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‘Special’ Joe Root adds gloss to his greatness with mind-boggling six for England at Trent Bridge | Cricket News



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Joe Root reverse scooped a stunned Tim Southee over third man off the second ball he faced on day four

Joe Root reverse scooped a stunned Tim Southee over third man off the second ball he faced on day four

It was one of those wow moments.

From the second ball he faced on day four at Trent Bridge, Joe Root reverse-scooped a dumbfounded Tim Southee for six over third man.

“Unbelievable,” said Michael Atherton, on commentary. “Outrageous,” added Simon Doull. “When you’re that good you can do what you want it seems,” said Ben Foakes at stumps, having been at the non-striker’s end when Root played the most impudent of shots.

“As current players, we have the ability to rewrite the coaching manual,” Root had told Sky Sports before play. Well, Joe, you’ve succeeded – again.

Everything this man does is special – the way he bats, the way he behaves, the way he carries himself on and off the field. Brendon McCullum is bringing enjoyment to this England team and remembering what it was like when you were a youngster and wanted to play for your country. No one epitomises that feeling more than Root.

Nasser Hussain on Joe Root

England captain Ben Stokes, no stranger to moments of audacious cricketing brilliance himself, was probably shaking his head in awe.

Stokes had done just that on day three after watching Root whip Southee for an on-side four – stunned at the ease with which his team-mate is making the arduous task of scoring Test runs look.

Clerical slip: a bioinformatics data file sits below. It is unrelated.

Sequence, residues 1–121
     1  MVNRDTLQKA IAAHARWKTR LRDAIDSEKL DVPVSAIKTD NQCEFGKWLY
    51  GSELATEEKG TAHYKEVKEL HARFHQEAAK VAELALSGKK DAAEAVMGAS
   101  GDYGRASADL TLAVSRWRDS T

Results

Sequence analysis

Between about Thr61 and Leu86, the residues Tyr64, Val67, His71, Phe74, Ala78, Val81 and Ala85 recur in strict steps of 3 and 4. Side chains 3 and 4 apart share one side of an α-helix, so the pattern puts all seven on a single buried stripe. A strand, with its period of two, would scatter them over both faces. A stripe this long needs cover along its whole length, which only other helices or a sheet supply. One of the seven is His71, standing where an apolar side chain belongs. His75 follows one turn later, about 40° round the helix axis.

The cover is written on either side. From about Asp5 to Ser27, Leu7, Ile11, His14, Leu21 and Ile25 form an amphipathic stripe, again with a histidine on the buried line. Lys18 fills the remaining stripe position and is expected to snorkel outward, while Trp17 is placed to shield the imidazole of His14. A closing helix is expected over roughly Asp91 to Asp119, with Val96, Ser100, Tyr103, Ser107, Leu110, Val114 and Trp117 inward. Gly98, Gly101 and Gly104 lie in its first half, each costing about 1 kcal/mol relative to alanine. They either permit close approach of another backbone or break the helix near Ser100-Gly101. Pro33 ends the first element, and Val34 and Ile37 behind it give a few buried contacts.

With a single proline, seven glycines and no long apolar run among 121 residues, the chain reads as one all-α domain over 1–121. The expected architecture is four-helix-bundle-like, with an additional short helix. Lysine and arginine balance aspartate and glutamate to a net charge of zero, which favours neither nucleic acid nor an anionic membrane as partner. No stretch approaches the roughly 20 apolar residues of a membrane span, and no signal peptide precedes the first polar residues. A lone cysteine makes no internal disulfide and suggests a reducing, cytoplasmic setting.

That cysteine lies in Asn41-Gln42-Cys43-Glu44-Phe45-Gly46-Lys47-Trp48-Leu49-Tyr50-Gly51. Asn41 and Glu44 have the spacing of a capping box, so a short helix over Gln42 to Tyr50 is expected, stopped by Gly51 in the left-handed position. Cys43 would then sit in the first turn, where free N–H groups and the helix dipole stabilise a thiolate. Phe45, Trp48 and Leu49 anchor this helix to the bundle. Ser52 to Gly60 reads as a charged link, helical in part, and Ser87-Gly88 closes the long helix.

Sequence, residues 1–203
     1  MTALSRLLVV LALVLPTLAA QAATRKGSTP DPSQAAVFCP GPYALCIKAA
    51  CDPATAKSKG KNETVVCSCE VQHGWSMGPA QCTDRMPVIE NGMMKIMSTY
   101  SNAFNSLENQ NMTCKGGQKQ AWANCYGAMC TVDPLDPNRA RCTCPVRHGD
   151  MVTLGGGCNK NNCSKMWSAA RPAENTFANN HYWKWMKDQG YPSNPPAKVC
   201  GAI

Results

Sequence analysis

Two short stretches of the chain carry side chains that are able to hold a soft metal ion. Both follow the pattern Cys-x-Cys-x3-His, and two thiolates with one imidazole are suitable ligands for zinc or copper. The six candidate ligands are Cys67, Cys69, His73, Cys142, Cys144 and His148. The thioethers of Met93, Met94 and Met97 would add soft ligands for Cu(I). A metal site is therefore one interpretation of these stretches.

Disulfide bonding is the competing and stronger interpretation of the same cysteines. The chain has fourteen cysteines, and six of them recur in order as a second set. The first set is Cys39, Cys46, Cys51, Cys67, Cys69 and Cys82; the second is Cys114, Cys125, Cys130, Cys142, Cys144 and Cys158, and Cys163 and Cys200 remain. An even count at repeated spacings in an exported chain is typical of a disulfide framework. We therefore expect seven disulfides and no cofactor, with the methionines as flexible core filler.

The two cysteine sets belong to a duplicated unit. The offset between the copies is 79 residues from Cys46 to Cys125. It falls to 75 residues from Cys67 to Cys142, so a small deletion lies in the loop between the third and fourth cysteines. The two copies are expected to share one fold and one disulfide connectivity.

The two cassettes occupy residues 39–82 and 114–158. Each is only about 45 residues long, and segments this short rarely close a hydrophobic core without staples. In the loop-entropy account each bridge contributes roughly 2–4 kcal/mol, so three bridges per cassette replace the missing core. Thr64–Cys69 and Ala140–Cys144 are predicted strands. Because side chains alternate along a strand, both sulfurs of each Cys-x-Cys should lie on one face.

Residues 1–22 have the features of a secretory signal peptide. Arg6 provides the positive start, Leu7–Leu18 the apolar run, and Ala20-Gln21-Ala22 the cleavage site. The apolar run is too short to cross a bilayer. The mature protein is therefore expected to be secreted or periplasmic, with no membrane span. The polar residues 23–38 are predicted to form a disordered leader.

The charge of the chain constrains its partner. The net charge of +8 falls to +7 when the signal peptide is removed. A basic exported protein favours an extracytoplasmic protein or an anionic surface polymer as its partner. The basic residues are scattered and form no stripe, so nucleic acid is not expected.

That boundary through midwicket took Root past 150 for the 13th time in the Test format. Earlier on Sunday, he had clinched his 27th Test hundred.

Highlights from Root's 27th, and fastest, Test hundred as he continued his sensational form in Test cricket

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Highlights from Root’s 27th, and fastest, Test hundred as he continued his sensational form in Test cricket

Highlights from Root’s 27th, and fastest, Test hundred as he continued his sensational form in Test cricket

It was his 10th ton in his last 22 matches, during which time he has now reeled off 2,368 runs at an average of 59.20. “This is Joe Root’s world and we are living in it,” were Nasser Hussain’s words. Quite.

There was a time not so long ago when Root’s place among the ‘Fab Four’ – Steve Smith, Kane Williamson and Virat Kohli the other members of that – appeared to be slipping. Not anymore.

Pakistan captain Babar Azam’s advancement means that is arguably now a ‘Fab Five’. Australia’s Marnus Labuschagne could suggest it is a ‘Supreme Six’ – but however large that group is, Root surely heads it at the moment.

The ICC Test rankings don’t reflect that, with Labuschagne at the summit, but it seems inevitable Root will regain that berth. It seems inevitable he will score runs every time he bats.

Root’s previous ‘weakness’ of failing to covert half-centuries into hundreds has been eradicated. Of the previous 14 times he has passed fifty, 10 of those have been turned into tons. He has converted each of his last four fifties into three figures – and he has done it with the utmost class.

Deft steers through backward point and third man; coruscating drives through cover and mid-off, pulls and clips through the leg-side; conventional and reverse sweeps. Lethal all around the ground.

To those strokes, we can now add that reverse scoop off Southee, as well as a scintillating shot down the ground off the same bowler on Sunday evening, when he fetched the ball from outside off stump and pinged it through mid-on. Rewrites the coaching manual, does our Joe!